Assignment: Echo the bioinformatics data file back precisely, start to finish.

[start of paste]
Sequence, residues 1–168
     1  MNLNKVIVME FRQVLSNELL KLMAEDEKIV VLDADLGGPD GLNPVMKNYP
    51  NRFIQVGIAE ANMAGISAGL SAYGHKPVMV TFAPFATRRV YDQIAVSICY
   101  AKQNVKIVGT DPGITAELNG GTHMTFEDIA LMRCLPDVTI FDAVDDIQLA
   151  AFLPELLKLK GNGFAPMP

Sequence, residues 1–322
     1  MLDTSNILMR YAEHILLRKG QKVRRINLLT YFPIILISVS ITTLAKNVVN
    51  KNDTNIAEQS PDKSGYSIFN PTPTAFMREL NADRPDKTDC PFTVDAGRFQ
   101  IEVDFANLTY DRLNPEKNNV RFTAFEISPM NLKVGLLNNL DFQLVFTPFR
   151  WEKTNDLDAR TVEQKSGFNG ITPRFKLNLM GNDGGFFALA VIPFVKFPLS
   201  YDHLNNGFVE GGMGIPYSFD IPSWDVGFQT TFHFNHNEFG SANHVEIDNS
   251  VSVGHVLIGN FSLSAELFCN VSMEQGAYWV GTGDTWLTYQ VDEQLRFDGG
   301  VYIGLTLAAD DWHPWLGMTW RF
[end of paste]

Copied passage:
Sequence, residues 1–168
     1  MNLNKVIVME FRQVLSNELL KLMAEDEKIV VLDADLGGPD GLNPVMKNYP
    51  NRFIQVGIAE ANMAGISAGL SAYGHKPVMV TFAPFATRRV YDQIAVSICY
   101  AKQNVKIVGT DPGITAELNG GTHMTFEDIA LMRCLPDVTI FDAVDDIQLA
   151  AFLPELLKLK GNGFAPMP

Sequence, residues 1–322
     1  MLDTSNILMR YAEHILLRKG QKVRRINLLT YFPIILISVS ITTLAKNVVN
    51  KNDTNIAEQS PDKSGYSIFN PTPTAFMREL NADRPDKTDC PFTVDAGRFQ
   101  IEVDFANLTY DRLNPEKNNV RFTAFEISPM NLKVGLLNNL DFQLVFTPFR
   151  WEKTNDLDAR TVEQKSGFNG ITPRFKLNLM GNDGGFFALA VIPFVKFPLS
   201  YDHLNNGFVE GGMGIPYSFD IPSWDVGFQT TFHFNHNEFG SANHVEIDNS
   251  VSVGHVLIGN FSLSAELFCN VSMEQGAYWV GTGDTWLTYQ VDEQLRFDGG
   301  VYIGLTLAAD DWHPWLGMTW RF